The Shas effect
Netanyahu's dramatic comeback bid was derailed by the ultra-Orthodox Shas party, which was prepared to support him once again for prime minister, but not at its own expense. The party's 17 seats give it a kingmaking and -breaking role in the fractious legislature, and that's powerful leverage for a minority party. But polls indicate that it would lose between four and six seats to Likud in a parliamentary election right now. Both parties draw support primarily from immigrants from Arab countries, and analysts predict that in an election focused almost exclusively on peace and security issues, there'd be a stampede of voters from the religious party back to the secular nationalists.
Barak has a better chance against Sharon
Netanyahu, of course, will still be a major feature in the campaign, urging voters to support the man he'd have challenged for the Likud leadership, Ariel Sharon. But Barak who may face (and will almost certainly defeat) a primary challenge from former prime minister Shimon Peres must fancy his chances of reeling in Sharon's lead over the incumbent. After all, Sharon is Israel's most notorious hawk, and even though Israelis have little confidence in the peace process right now, it may be more difficult for Likud to rally a majority behind a man many Israelis fear will be more inclined to inflame Palestinian and Arab rage. But the only certainty in the outcome is that it will produce another unstable government. Bibi may just decide to bide his time for the next election, which may not be all that long in coming.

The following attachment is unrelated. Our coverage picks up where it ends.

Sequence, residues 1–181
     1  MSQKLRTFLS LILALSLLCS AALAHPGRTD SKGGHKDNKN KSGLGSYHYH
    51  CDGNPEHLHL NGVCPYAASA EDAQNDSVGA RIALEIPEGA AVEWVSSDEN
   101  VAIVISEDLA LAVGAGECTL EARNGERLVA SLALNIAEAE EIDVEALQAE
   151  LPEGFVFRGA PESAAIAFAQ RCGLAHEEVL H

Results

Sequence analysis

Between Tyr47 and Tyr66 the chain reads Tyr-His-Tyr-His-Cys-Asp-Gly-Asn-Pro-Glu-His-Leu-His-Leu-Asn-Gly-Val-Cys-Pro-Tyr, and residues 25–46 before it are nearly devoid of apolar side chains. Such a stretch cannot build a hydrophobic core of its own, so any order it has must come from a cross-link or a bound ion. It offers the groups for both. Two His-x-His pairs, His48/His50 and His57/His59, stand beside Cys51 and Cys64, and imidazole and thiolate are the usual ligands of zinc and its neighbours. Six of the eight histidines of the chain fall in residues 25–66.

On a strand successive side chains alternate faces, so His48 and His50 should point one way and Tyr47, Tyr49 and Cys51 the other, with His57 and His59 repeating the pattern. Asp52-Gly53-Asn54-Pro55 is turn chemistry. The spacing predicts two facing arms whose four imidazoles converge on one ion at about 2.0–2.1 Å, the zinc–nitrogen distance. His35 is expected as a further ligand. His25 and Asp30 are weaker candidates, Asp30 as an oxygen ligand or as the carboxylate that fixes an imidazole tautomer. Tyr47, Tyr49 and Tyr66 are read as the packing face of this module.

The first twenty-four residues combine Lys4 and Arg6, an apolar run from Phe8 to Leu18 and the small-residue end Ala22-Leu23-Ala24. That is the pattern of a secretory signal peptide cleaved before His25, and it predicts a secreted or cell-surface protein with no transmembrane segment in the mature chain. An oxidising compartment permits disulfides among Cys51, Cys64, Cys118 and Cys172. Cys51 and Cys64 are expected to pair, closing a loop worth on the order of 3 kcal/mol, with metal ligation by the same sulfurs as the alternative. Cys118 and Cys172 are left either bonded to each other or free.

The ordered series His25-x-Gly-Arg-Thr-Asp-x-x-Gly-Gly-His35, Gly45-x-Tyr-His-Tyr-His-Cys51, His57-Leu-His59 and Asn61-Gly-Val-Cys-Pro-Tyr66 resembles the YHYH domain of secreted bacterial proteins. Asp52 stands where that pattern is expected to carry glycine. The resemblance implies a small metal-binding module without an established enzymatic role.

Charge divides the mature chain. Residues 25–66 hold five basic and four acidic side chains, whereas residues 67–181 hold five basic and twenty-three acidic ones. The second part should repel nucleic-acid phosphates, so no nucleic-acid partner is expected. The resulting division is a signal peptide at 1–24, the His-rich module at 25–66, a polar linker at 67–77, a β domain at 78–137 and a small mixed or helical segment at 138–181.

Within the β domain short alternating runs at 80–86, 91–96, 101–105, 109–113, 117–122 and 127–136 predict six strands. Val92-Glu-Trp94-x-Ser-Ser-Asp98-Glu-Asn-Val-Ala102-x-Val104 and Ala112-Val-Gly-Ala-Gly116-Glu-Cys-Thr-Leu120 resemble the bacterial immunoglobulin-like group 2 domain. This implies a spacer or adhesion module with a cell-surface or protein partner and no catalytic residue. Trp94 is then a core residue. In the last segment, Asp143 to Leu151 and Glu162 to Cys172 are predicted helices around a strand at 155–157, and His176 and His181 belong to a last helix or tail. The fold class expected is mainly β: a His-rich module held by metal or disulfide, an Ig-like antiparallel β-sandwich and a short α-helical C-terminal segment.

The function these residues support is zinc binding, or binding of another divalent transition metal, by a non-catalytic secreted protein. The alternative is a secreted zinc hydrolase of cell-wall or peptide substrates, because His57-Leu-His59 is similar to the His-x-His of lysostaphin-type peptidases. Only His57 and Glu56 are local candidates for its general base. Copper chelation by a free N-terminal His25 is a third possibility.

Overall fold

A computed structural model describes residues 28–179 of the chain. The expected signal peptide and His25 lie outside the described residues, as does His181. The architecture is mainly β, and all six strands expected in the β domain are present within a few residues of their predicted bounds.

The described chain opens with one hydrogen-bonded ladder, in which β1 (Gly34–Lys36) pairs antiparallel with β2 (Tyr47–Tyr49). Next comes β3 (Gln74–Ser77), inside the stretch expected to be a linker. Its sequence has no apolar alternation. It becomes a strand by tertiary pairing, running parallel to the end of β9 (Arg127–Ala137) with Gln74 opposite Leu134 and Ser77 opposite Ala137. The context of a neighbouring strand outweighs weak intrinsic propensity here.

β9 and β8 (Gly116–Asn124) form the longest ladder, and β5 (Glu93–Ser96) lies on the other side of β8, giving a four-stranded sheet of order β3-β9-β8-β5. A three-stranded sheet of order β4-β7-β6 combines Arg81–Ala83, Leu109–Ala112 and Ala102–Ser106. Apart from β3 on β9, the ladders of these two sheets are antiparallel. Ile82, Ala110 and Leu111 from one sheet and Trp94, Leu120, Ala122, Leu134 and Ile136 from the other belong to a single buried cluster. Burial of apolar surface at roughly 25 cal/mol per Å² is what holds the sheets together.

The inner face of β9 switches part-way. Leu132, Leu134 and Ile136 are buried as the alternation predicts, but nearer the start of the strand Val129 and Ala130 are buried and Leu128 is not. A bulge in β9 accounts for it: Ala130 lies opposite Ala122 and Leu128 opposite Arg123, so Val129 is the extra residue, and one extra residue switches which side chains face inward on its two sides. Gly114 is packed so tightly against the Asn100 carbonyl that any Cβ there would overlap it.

With reporting by Aharon Klein/Jerusalem